Barry is highly critical of the political submissiveness of the population in these areas. He wrote that owing to the sub servant nature of these people they were happy in their master’s benevolence. They did not question how it was the dwellers of the ‘big house’ had come to acquire the thousands of acres and wealth they had become accustomed. Nor did they think of themselves as the descendants of the rightful owners of the stolen lands. According to Barry the men and women living in these ‘big houses’ lived in an unaffected, privileged bliss.

The ornate and affluent nature of their inherited surroundings requiring them to force the Irish people to submit to unattainable rent prices, unworkable and overpriced land and inevitable starvation. The people of West Cork were no anomaly, Barry argues, they too were subjected to a depraved and miserable existence. However, they had enough. They knew that the only way to remove themselves from their unfortunate circumstances, drastic measures had to be taken and they had exhausted their efforts at the polls. In Guerilla Days in Ireland, an armed revolt seemed more logical at that moment than ever before. It was through this frustration that the flying column was born.

As the son of a retired RIC officer, Barry’s motives for joining the IRA were suspicious. Men of high ranking within the Irish Republican Army were wary of his willingness to join and were reluctant at first. According to Meda Ryan, Barry’s motive for wanting to join was legitimate, however the IRA hierarchy had to be cautious.

“Tom Barry didn’t know then, nor was he ever to know, that the first reaction of Sean Buckley and other Brigade Officers was one of mistrust. Why was the son of an RIC man, who had spent four years in the British army and upheld their policy on his return to Ireland, seeking membership of the IRA? Naturally we had to be cautious. Questions were asked:

Could he be a spy? Was he genuine? They set traps for him. He was well tested.”

Barry himself admits that he never once read Sinn Fein’s programme and the fact that three quarters of the Irish people had at the end of 1916 declared in a British General Election for a Sovereign Independent Irish Republic was of little concern to him. ‘These things seemed to be of little matter then, but what did matter was that one had to decide whether to aid the occupying forces and be a traitor, sit on the ditch and be a cynic or join your own people and do the right thing. However, as the struggle developed and many young men died in battle by the bullet, one soon learned that programmes that included political, social and economic contexts were important and that being the army of a democratically elected government, defending its people and its embryonic institutions changed the world-wide image of the IRA and enhanced the morale of its Volunteers.’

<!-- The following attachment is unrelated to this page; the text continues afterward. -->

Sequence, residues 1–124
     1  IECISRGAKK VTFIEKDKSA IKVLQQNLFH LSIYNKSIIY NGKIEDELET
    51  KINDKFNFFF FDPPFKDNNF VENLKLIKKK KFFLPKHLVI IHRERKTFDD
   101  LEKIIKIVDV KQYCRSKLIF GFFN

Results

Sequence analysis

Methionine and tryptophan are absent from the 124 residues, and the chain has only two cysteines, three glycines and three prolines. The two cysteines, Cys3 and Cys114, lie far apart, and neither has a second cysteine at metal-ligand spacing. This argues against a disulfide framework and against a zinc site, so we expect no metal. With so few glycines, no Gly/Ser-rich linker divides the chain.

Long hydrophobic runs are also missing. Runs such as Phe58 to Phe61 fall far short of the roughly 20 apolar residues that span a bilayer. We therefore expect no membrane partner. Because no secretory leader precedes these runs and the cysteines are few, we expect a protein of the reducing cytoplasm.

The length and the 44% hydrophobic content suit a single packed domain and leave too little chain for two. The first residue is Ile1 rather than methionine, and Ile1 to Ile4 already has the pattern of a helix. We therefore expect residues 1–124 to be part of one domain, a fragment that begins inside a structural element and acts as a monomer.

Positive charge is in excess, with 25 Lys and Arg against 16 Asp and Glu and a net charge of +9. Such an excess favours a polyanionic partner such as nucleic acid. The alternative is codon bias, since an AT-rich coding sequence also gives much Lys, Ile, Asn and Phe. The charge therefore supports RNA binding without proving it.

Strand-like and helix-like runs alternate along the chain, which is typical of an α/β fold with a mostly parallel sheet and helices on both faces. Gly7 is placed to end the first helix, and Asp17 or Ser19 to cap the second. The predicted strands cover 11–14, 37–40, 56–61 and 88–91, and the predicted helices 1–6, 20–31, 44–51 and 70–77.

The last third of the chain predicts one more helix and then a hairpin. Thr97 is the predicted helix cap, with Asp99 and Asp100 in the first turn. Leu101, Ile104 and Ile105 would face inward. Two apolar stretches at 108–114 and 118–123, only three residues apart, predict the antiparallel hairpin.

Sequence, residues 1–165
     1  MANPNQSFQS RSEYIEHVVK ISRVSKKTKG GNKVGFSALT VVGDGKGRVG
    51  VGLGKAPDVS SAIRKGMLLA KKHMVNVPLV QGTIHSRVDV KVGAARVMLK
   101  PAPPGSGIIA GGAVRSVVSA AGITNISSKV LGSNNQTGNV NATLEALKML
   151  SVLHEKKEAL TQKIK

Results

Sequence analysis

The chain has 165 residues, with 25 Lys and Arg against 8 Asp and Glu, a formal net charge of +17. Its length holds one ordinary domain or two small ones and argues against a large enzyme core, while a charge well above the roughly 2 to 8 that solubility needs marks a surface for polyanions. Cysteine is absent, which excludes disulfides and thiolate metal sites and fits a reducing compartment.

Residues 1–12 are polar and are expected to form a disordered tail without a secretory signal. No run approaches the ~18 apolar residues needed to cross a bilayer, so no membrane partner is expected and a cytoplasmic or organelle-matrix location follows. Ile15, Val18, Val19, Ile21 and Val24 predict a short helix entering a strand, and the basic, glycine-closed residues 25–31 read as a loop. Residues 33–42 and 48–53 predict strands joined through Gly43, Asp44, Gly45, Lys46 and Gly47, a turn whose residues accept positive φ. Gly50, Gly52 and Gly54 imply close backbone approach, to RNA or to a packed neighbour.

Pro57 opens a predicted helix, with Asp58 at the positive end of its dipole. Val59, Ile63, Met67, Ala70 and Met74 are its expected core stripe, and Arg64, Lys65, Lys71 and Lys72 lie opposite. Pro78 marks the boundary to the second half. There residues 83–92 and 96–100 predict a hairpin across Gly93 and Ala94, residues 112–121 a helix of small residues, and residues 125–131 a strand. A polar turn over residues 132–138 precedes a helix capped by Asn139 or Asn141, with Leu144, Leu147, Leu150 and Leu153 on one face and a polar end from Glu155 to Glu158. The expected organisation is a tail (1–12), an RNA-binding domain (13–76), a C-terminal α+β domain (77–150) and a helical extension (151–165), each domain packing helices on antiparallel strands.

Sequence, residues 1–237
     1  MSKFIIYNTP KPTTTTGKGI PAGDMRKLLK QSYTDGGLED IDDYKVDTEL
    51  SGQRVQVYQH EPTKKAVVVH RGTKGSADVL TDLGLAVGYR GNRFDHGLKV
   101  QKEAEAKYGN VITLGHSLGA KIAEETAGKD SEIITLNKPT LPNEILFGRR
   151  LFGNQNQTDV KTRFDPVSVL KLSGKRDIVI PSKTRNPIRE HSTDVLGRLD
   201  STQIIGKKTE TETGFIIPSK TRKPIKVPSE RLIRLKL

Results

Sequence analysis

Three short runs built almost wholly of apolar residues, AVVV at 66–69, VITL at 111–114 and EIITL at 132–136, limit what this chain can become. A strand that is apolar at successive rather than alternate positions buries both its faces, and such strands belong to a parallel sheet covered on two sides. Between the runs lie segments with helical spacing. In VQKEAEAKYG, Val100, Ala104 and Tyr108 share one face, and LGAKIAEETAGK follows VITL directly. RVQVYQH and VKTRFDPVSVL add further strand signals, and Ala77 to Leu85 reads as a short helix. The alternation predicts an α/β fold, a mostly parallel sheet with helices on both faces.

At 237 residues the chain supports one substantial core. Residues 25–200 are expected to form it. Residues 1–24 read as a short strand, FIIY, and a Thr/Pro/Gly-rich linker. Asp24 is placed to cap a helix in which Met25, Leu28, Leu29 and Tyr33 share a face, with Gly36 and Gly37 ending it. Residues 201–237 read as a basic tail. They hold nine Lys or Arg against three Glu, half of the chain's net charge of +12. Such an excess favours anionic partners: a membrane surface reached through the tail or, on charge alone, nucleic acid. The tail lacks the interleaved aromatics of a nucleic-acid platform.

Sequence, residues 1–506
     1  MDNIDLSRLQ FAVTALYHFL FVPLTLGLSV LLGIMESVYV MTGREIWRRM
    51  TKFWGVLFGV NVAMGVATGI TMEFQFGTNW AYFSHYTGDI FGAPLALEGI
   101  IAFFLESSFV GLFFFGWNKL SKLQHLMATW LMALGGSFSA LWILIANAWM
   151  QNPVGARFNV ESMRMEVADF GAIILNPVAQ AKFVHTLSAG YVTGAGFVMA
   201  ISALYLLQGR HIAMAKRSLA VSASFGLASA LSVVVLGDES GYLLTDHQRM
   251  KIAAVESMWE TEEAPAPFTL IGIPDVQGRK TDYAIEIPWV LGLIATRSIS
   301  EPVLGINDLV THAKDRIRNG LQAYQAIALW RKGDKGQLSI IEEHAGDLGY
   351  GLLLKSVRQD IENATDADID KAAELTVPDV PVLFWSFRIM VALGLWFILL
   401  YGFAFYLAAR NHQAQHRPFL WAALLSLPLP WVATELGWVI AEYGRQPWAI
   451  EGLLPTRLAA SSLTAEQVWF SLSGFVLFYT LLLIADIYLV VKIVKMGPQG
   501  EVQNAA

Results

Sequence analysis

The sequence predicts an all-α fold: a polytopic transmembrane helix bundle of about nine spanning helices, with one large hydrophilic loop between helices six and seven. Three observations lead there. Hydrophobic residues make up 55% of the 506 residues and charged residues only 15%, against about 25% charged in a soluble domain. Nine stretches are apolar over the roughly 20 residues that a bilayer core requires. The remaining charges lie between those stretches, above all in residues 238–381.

As well as his Father being a retired RIC man another reason for the IRA hierarchy’s suspicions was that upon Barry’s return from war he remained close to the men in the British army he served with. He was often seen in the company of British army personnel stationed at Bandon. Barry however at all times maintained that he fraternised with these men as they fought alongside him at war and he trusted them. However, Barry knew that if the IRA were to even consider admitting him to their ranks he had to distance himself from this social circle. As the months of 1919 passed he cautiously moved into a different circle of friends in Bandon. According to Meda Ryan, one of the events that gave Barry’s motives for wanting to join the IRA and made its members warm to him was the fact that in 1919 he was arrested by British forces which duly gave him a beating in the hope of extracting from him information about the IRA. This event had a profound effect on Tom and the result was a ‘changed’ Tom Barry emerged. Tom himself admitted he was held up ‘several times and questioned about people by pups who had seen no war. The arrogance of the conqueror, the invader made me realise some day if there was a fight coming I would be on the side of Ireland’.

Meda Ryan argues that in August of 1919 Sean Buckley, Charlie Hurley, Liam Deasy and other high ranking members in the IRA were of the opinion that in the rapidly changing pattern of action and the increase of violence by the British forces, morale had reached a low ebb within the IRA. They decided that there was a requirement for a highly trained Brigade Column. Furthermore, if there was to be a trained Brigade Column, a capable man was needed to train it. Sean Buckley made it known that he wanted to speak with Tom Barry and he was sent for, Tom was no longer at home as he had left, under the anticipation of another arrest by the British.

One week later Tom Barry was interviewed by IRA hierarchy Charlie Hurley and Ted O’Sullivan, while other officers listened to the process. It has been documented by Liam Deasy who was present at the time of Barry that;